Mascara junkie, reporting for duty!
You know I love my mascaras, so during a recent trip to my local Bluemercury, I was perusing the counters and came across a brand called lune+aster. While this line isn’t touted as ‘clean beauty’ per say, it is listed with a few labels that caught my eye like being paraben and phthalate free as well as no animal testing and gluten free/vegan. I played with some testers and liked the products so out of curiosity I decided to look up the ingredients to further investigate.
While in the store, I pulled up the website and only the key ingredients are listed, which bummed me out. I want the full list, not just the highlight reel. Not all consumers may care, but this one does! I asked the sales person for the products, and thankfully the ingredients are listed on the packaging. After a quick scan of the ingredients in the products I wanted, I deemed them as clean enough to purchase as nothing jumped out at me specifically as harmful off the top of my head. I would love to see their ingredients listed online because most of the time I research products pretty extensively before purchasing.
Prep Star is a classic white mascara primer designed to beef up your lashes before applying your mascara. Typically mascara primers also prolong your wear time, and my hope was that this one would prevent smudging (hello, queen of the pandas, nice to meet you). It has a plastic comb style brush which I like. To my surprise, this formula is a little wetter than I expected, but it goes on nicely thanks to the comb. Because it is a wetter formula, it stays wet for a while after applying. Interestingly though, I actually like this in terms of a primer as it sort of bonds into whatever mascara you apply over top of it.
The Stratosphere mascara is a volumizing formula. Normally, I prefer lengthening formulas. I also prefer plastic applicators over the traditional brush style; but something about this wand called out to me. It reminds me a little bit of the Tarte Lights, Camera, Lashes brush, just a little bushier. Also, I preferred the ingredients of the volumizing mascara to the lengthening one (it contained sodium laurel sulfate which I’d prefer not to use). I absolutely love this mascara formula. It’s creamy right out of the gate meaning it isn’t so wet that it’s thin or takes too long to dry, nor is it dry and flaky. It’s like Goldilocks in terms of formula: juussstttttt right. This really fans out my lashes and makes them look full and pretty. It also adds some length beyond what the primer alone adds. Overall, this mascara is solid and I would recommend it in terms of results.
I really like both products. I do get the tiniest bit of smudging by the end of the day and the occasional flake, but it’s nothing severe enough that I find myself avoiding wearing them. I really love how fluttery and full these make my lashes, too. Using Prep Star before Stratosphere really does make a difference in terms of how big it makes my lashes. Stratosphere does add volume and separation on it’s own, but Prep Star really enhances the length and overall density. Using Stratosphere without Prep Star, I don’t find there is much of a difference in terms of smudging.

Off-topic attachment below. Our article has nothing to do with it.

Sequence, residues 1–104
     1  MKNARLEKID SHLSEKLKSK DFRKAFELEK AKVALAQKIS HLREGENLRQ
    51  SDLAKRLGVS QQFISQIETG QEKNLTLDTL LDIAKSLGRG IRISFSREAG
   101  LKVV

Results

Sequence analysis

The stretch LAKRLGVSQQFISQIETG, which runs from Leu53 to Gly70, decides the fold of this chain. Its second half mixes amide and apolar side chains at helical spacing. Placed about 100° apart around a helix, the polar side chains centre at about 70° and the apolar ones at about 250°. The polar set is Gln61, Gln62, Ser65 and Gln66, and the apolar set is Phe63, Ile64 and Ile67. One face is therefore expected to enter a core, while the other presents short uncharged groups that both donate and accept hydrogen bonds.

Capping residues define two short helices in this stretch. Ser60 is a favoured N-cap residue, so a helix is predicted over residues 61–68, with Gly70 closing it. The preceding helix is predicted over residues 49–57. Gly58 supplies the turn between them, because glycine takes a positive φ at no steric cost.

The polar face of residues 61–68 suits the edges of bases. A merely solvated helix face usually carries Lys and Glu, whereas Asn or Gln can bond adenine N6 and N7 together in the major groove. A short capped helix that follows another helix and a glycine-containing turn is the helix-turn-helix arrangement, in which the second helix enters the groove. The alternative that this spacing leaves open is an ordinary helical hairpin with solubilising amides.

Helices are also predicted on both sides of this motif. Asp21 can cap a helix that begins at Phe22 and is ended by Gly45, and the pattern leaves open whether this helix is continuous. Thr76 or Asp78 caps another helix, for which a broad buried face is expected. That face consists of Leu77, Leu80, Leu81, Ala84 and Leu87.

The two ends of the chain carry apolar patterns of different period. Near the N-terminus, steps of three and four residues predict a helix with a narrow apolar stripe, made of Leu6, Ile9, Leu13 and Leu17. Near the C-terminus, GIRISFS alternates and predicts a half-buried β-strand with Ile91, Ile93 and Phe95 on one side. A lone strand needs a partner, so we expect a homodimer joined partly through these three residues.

While these mascaras aren’t necessarily the cleanest, they certainly aren’t horrible either. I would compare them similarly to the Honest Mascara or Glossier Lash Slick. I tend to be more lenient on mascaras because they aren’t applied directly to the skin and what contact they do have with the skin is usually pretty limited – just my personal take. If you’re looking for something extremely natural, this mascara probably isn’t for you. I recommend Rejuva Minerals, Root Pretty, or Gia Minerals.
Quick lune + aster ingredient choice tangent…
Digging a little deeper into ingredients lune+aster uses in some of their other products, oxybenzone is used as an SPF in their CC Cream which I’m not keen on. Oxybenzone is studied to cause cellular changes and ironically is considered photosensitive, meaning reactive to sunlight. It is an ingredient that can also enhance the penetration of other ingredients. The American Academy of Dermatology and the FDA have both approved the ingredient, whereas Sweden has banned the ingredient entirely. There are some very conflicting thoughts and studies on this ingredient in particular. Beyond just personal safety, oxybenzone is known as one of the causes of coral bleaching. Needless to say, this product won’t be on my list to try unless they change the formula to include an SPF like non-nano zinc or titanium dioxide. My personal take on this is that there are better ingredients that can be used as an SPF than oxybenzone, regardless of what governing agents deem to be ‘safe’. Being cruelty free and vegan doesn’t automatically make a product safe for the environment. Food for thought.
Back to the mascara…
Would I buy this mascara again? Yes. Is it all natural? No.
Adds length, volume, and separation with minimal smudging/flaking.
If I had to rate it on a scale of 1-10 (a 10 being the best and highest score I could possibly give) I’d rank it a 7.